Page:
Fabrazyme Safe, Effective in Japanese Study

Steve Bryson, PhD avatar

by Steve Bryson, PhD |

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Fabrazyme study

Fabrazyme (agalsidase beta) demonstrated an acceptable safety profile and resulted in sustained reductions in globotriaosylceramide (GL-3) levels over seven years among patients with Fabry disease, a large real-world study from in Japan found. 

The study, “Long-term safety and efficacy of agalsidase beta in Japanese patients with Fabry disease: aggregate data from two post-authorization safety studies,” was published in the journal Expert Opinion on Drug Safety

Fabry disease is caused by a lack of alpha-galactosidase A, due to mutations in the GLA gene that provides instructions for making for the enzyme. The loss of this enzyme causes the molecule GL-3 to build up within cells, which causes damage to organs and a number of symptoms.

Fabrazyme is an enzyme replacement therapy (ERT) that contains a modified version of alpha-galactosidase A enzyme, and is designed to reduce GL-3 buildup in cells and the associated damage.

The safety and efficacy of Fabrazyme have been established in several clinical trials, in which the therapy decreased deposition of GL-3. Fabrazyme also reduced the frequency of major clinical events involving the kidneys, heart, and brain. 

However, only 13 patients with the condition were enrolled in clinical trials in Japan.

Now, scientists at Sanofi Genzyme, the therapy’s developer, conducted two studies involving patients in Japan who were not registered in long-term trials to evaluate the safety and efficacy of Fabrazyme in real-world clinical practice.

The Special Drug Use Investigation (SDUI) of Fabrazyme (NCT00233870) analyzed the safety and efficacy of long-term use, while the Drug Use Investigation (DUI, AGAL02904) analyzed the safety profile in those who were not included in the SDUI. Safety data were collected every six months.

A total of 332 patients in the SDUI and 64 patients in the DUI were enrolled. Of these, 307 patients, with a mean age at treatment initiation of 39.5, of whom 65.5% were men, had enough data to participate in the safety analysis. Efficacy data were available for 196 of the patients.

Most participants had not received prior ERT (76.2%) or had a history of allergic reactions to medications in general. Before treatment (baseline), kidney impairment was present in 37.5% of patients, and 40.4% had heart problems.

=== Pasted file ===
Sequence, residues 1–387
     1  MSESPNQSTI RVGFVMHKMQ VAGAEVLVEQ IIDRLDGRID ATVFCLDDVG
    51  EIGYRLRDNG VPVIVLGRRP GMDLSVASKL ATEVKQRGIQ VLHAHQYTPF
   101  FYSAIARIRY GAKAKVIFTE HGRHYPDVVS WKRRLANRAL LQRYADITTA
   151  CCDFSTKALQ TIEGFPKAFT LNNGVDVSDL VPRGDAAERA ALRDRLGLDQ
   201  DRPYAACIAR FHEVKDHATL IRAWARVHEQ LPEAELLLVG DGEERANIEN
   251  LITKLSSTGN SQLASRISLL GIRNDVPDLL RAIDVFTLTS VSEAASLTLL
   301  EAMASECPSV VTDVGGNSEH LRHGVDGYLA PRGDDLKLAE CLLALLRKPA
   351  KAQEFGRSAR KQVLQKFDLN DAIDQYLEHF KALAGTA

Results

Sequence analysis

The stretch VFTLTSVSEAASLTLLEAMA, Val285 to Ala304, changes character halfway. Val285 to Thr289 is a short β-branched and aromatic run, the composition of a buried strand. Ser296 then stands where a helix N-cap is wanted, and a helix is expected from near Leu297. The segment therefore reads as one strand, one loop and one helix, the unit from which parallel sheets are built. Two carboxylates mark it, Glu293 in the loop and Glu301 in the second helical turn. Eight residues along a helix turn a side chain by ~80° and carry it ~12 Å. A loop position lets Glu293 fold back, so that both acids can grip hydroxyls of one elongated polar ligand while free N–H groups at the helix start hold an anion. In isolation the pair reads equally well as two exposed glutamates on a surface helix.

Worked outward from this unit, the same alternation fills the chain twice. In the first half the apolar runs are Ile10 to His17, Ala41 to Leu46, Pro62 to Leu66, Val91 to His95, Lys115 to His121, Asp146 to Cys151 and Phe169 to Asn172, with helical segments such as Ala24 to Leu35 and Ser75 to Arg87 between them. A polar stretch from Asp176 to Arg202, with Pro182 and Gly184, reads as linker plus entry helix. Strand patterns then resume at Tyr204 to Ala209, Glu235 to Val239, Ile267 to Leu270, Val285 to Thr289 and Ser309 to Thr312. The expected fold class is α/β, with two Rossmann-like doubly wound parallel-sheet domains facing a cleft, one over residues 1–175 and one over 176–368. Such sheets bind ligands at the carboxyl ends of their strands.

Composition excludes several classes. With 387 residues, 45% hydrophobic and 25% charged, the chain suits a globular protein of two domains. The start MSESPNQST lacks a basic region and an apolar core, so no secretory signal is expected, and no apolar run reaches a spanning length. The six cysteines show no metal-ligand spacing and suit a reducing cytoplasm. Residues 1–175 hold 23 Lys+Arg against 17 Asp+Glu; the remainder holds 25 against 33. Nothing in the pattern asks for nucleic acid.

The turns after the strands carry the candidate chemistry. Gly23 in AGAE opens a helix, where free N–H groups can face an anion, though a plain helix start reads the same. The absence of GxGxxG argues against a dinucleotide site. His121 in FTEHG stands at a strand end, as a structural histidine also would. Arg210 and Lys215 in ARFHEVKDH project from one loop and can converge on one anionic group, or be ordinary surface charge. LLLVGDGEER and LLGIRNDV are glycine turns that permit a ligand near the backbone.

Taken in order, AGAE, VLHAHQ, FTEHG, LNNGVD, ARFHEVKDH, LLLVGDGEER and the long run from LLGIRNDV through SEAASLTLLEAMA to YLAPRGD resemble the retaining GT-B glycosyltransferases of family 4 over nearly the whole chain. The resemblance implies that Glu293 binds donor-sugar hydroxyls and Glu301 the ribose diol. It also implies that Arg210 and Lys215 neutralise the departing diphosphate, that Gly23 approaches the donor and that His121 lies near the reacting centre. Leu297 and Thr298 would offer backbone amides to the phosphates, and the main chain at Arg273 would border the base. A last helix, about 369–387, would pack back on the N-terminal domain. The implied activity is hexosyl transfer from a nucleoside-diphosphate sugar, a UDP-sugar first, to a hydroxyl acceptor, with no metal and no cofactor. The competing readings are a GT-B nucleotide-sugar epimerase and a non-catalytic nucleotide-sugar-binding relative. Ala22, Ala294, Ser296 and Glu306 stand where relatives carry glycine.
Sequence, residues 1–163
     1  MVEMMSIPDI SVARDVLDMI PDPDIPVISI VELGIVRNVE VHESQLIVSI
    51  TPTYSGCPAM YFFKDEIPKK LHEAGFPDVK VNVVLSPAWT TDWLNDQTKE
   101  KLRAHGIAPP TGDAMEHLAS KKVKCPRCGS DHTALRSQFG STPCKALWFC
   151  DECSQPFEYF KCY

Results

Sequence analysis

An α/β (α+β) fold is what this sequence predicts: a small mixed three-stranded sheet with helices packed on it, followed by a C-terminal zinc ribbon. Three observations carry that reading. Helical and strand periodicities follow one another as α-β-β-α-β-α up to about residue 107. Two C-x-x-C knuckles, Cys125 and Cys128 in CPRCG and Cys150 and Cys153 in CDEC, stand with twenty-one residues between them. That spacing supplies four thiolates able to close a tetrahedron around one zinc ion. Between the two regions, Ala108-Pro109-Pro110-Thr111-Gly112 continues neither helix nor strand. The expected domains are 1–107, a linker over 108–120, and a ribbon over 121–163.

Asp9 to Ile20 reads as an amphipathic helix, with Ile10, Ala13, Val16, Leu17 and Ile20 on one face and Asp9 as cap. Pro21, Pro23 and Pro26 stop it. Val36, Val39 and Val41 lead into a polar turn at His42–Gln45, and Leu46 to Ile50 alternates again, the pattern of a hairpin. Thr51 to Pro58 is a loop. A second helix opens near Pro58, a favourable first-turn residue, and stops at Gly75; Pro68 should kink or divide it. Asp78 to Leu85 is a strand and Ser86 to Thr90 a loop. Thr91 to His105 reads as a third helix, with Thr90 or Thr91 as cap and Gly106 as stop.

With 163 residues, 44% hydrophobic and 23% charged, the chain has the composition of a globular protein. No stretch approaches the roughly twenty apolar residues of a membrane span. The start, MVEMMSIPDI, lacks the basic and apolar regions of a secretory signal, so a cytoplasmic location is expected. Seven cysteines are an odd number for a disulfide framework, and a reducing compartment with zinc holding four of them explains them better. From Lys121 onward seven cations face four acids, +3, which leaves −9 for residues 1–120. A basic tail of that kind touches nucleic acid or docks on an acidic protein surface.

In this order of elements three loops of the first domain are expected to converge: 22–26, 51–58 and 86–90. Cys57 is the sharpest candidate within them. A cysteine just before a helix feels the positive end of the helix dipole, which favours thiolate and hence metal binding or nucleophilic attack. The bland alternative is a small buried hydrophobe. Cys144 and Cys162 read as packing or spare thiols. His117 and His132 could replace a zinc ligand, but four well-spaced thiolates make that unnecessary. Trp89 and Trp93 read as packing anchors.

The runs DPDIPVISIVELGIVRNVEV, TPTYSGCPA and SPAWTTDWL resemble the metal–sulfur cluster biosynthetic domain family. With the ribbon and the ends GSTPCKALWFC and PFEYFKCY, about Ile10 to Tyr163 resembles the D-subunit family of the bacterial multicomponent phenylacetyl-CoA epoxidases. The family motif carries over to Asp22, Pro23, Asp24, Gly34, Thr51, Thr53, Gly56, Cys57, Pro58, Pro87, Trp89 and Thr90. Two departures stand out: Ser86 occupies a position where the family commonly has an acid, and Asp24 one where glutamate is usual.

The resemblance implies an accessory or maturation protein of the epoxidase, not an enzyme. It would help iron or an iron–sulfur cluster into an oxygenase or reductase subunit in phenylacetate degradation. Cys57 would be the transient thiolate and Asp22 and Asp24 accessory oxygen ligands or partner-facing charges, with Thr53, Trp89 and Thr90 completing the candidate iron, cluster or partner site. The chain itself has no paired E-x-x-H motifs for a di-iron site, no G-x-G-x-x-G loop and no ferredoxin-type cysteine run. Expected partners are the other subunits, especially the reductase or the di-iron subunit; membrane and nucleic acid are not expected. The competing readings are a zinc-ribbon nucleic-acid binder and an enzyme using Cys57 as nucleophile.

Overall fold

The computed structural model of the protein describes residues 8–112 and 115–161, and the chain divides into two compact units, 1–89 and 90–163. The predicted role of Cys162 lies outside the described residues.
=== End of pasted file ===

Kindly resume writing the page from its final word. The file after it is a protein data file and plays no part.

The most common reported symptom was pain in the extremities (56.7%), followed by itchy skin blisters (44.6%), and dark spots on the skin (30.9%). The mean GL-3 level in blood samples at baseline was 8.5 micrograms per milliliter (mcg/mL). The upper limit of normal GL-3 is 7.03 mcg/mL.

In the safety analysis, the mean total duration of Fabrazyme administration was 1,363 days (more than 3.5 years), the mean total number of doses was 83.6. The average dose was 0.93 mg/kg.

Overall, adverse events occurred in 171 of participants (55.7%). Slightly more of those who were 15  and younger experienced side effects compared to older participants. Similarly, a higher number of patients with heart and classic disease reported adverse events compared with those who had kidney involvement, and women with one mutated GLA gene copy (heterozygous). 

The most common side effects were general disorders and injection site conditions (20.5%), such as chest discomfort, chills, pain, and fever; nervous system issues (20.2%), and infections (16.9%).

Overall, the incidence of adverse drug reactions occurred in 93 (30.3%) participants. 

“Importantly, no unexpected safety signals or concerns were identified, indicating that the safety profile of [Fabrazyme] was consistent with the established profile of this drug,” the team wrote. 

Similar to general adverse events, adverse reactions to Fabrazyme also were more common in patients 15 or younger, as well as in those with classic disease. A total of 27 (8.8%) discontinued Fabrazyme due to these adverse events. 

Serious adverse treatment reactions were reported in 25 patients (8.1%), with eight deaths (2.6%) occurring during the study that could not be ruled out as caused by Fabrazyme or ERT. Causes included suicide, body weakness, excess fluid in the lungs, cardiac arrest, sudden death, blood coagulation with pneumonia; two were unexplained.

Again, the most common treatment-related adverse events were general disorders and injection site conditions (17.9%), nervous system problems (9.8%), and skin tissue disorders (7.5%). There was a higher number of such adverse events in patients with a blood GL-3 level of 7.2 mcg/mL or greater.

Overall, a significantly higher proportion of participants who experienced adverse drug reactions and injection-related reactions were positive for antibodies that target Fabrazyme. A higher incidence of these reactions also was observed among patients with prior ERT use.

However, a total of 50.5% of patients developed antibodies, which was lower than those reported in earlier studies, the team noted. 

Regarding efficacy, the mean blood GL-3 levels measured throughout the study were reduced from 8.7 mcg/mL at baseline to 5.7 mcg/mL at six months and remained below 6.0 mcg/mL at all subsequent assessments. These reductions occurred regardless of age, accompanying therapies, or the presence of complications.

“Results of this analysis … in over 300 Japanese patients with Fabry Disease, demonstrate the long-term safety and efficacy of [Fabrazyme] over a period of up to 7 years,” the investigators concluded, adding that the safety profile of Fabrazyme in this study “was broadly consistent with that reported in previous global clinical trials.” 

“These findings add to the wealth of data supporting the long-term safety and efficacy of [Fabrazyme] in the treatment of Fabry disease,” they added.